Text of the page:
This was always his desire but with the desire came also a fearfulness. Sauron may have sometimes miscalculated his power but the experience of failure made him cautious. There is one thing missing that will make his triumph complete and that is the Ring itself. He will risk everything in order to regain it but his fear is that either Aragorn, the heir of Isildur, who once cut the Ring from his hand, or Gandalf the Maia, now wealds the Ring against him. Their forces may be small but he fears them nonetheless and the change in the wind just at the moment of triumph and those spies…

In other words Sauron is always in search of the ever elusive experience of total and perfect control, always anxious about everything and anything that could be a threat to that experience. Eventually this will mean anything that has its own will. Only that which is entirely enslaved and that has no longer any capacity for freedom will allay his anxiety. Until that time comes he requires darkness and secrecy to protect himself. When that time comes there will be only darkness.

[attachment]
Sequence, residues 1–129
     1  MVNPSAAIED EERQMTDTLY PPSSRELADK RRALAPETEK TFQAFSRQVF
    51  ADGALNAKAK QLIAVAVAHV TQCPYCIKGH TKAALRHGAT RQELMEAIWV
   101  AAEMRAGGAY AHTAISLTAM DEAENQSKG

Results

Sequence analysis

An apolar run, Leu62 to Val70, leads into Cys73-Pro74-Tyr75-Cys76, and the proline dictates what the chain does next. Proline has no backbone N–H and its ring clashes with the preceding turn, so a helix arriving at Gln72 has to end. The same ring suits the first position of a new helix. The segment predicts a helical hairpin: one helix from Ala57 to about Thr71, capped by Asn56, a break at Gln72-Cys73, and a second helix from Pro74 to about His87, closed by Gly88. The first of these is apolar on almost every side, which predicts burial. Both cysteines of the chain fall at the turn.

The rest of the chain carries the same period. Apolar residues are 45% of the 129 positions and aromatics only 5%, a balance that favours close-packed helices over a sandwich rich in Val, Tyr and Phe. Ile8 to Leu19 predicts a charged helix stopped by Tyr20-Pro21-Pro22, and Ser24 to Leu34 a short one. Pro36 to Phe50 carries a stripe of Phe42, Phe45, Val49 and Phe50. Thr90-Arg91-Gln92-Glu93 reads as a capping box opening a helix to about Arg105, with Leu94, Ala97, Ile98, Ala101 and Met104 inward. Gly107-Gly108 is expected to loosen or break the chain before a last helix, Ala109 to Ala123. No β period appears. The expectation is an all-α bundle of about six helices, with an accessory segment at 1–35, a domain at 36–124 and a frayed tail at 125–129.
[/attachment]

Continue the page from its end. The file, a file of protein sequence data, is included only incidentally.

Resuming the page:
Sauron has spent millenia seeking this certainty. Frodo and Sam have learned, in just a few short years, that such certainty is impossible. Sauron is the ultimate example of one who in seeking to save his own life loses it. Frodo and Sam walk freely into a darkness knowing that it is likely that they will lose their lives. Indeed Frodo fully expects that he will lose his life and it is possible that by this point he even looks forward to death as a kind of release. For Frodo and Sam the darkness, an experience that they have not chosen yet, in so far as they are able, they have embraced, is the road to life, both to the world that they will save and to themselves.

This is the difference between them. For Sauron the darkness is a defence that will ultimately prove futile. For Frodo and Sam the darkness is something that they feel they must embrace and will lead to life.

Sam Gamgee Finds Strength to Finish the Job.

It was in trusting to luck on the roads of Mordor that Frodo and Sam were driven northward by the orcs in a forced march almost to the same Black Gate that they had seen from the other side just two weeks before. In those short days they have encountered Faramir and his Rangers of Ithilien; journeyed through the Morgul Vale; made the long climb to the pass of Cirith Ungol and there Frodo has been assailed by Shelob and carried by orcs into Mordor and the tower that guards the pass while Sam has defeated Shelob, briefly taken the Ring and rescued Frodo. 

Now as Frodo lies, exhausted by the torment of the march, Sam begins to ponder the journey that still lies before them to Mount Doom.